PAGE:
What is a “Deep Tissue” Injury?
By Bed Sore FAQ
Just as it sounds, a ‘deep tissue injury’ is an injury to a patients underlying tissue below the skin’s surface that results from prolonged pressure in an area of the body. Similar to a pressure sore, a deep tissue injury restricts blood flow in the tissue causing the tissue to die. While the mechanics of a DTI may be slightly different that a pressure sore in that injury occurs to deeper tissues as opposed to superficial skin commonly associated with pressure sores, the resulting condition can be just as painful, debilitating — and even deadly.
According to the National Pressure Ulcer Advisory Panel (NPUAP), the leading authority on pressure ulcer research and information, a “deep tissue injury’ (DTI) as ‘a purple or maroon localized area of discolored intact skin or blood-filled blister due to damage of underlying soft tissue from pressure and/or shear”.
The NPUAP goes on to describe the progression of the injury as:
The area may be preceded by tissue that is painful, firm, mushy, boggy, warmer, or cooler as compared to adjacent tissue. DTI many be difficult to detect in individuals with dark skin tones. Evolution may include a thin blister over a dark wound bed. The wound may further evolve and become covered by thin eschar. Evolution may be rapid, exposing additional layers of tissue even with optimal treatment.
A DTI can occur in a hospital, nursing home or any setting where a patient is left on a hard surface for an extended period. However, some of the group most prone to develop DTI’s are patients receiving acute-care in a hospital or those undergoing lengthy surgery. For this reason it is not uncommon for medical facilities to claim the DTI’s are unavoidable and simply part of the medical process.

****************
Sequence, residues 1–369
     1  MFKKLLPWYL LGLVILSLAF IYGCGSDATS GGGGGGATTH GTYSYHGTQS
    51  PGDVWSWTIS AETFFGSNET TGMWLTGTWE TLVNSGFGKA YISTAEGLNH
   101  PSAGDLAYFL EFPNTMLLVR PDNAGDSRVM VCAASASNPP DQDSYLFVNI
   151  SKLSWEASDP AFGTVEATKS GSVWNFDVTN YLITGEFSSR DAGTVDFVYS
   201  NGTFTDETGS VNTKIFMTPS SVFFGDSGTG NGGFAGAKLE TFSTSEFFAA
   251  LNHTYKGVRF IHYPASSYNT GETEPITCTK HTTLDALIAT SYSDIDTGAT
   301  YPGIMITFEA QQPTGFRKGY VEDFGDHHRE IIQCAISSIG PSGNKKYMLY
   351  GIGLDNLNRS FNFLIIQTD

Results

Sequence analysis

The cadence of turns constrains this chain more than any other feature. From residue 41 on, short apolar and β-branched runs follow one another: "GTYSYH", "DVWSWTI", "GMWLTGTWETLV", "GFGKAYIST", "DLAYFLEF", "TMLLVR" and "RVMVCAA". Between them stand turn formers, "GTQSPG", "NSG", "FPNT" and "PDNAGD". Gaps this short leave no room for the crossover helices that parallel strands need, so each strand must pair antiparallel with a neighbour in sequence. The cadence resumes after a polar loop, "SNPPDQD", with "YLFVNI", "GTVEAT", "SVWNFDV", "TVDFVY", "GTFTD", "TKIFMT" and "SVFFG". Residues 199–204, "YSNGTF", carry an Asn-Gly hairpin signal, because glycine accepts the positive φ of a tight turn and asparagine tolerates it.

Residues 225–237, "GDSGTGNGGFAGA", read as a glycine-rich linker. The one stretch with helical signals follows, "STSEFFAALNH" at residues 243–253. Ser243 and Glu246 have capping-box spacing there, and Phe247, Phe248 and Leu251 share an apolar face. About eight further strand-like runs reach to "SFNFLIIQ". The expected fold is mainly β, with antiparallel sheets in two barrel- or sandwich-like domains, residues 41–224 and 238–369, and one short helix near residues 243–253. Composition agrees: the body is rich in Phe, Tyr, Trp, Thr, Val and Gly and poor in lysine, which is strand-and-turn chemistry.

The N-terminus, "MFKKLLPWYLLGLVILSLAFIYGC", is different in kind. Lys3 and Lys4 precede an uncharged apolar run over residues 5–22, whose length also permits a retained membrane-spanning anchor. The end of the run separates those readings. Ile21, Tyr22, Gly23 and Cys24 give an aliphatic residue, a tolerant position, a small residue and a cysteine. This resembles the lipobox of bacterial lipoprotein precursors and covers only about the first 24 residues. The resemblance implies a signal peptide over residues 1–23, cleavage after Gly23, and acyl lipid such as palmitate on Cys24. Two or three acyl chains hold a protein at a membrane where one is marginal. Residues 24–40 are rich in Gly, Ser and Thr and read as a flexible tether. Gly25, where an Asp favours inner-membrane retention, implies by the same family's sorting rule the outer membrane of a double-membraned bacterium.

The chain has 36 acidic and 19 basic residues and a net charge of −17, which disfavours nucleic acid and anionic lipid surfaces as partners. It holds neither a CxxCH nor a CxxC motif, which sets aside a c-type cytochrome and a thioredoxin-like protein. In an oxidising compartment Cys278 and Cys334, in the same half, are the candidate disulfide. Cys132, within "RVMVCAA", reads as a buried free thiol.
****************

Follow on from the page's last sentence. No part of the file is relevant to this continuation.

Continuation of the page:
In some cases the extent of the DTI may not be known until the patient has been discharged from the facility to a rehabilitation center or home due to the fact that the overlying skin may remain intact for 10-14 days following the initial deep tissue injury.
If you believe a family member has suffered a deep tissue injury during an admission to a hospital or nursing home, be sure to obtain medical attention as soon as the injury become apparent. In many cases, it can be helpful to take photos of the area after there is an indication of a deep tissue injury to preserve your future legal rights.Related Information
- Sepsis from a Bedsore Can Lead to Death
Are All Pressure Ulcers the Result of Deep Tissue Injury? A Review of the Literature, Ostomy and Wound Management, VOLUME: 53 Issue Number: 10 authored by, Dan R. Berlowitz, MD, MPH; and David M. Brienza, PhD
Hypoxia is Involved in Deep Tissue Injury Formation in a Rat Model, Wounds, February 1, 2010 by Yunita Sari, MHS; Takashi Nagase, MD, PhD; Takeo Minematsu, PhD; Tomoko Akase, RN, RPh, PhD; Gojiro Nakagami, RN, PhD; Hiromi Sanada, RN, WOCN, PhD; Junko Sugama, RN, PhD
Pressure Ulcers: What Clinicians Need to Know, The Permanente Journal Summer 2010 – Volume 14 Number 2 by William T Wake, MD, FAAFP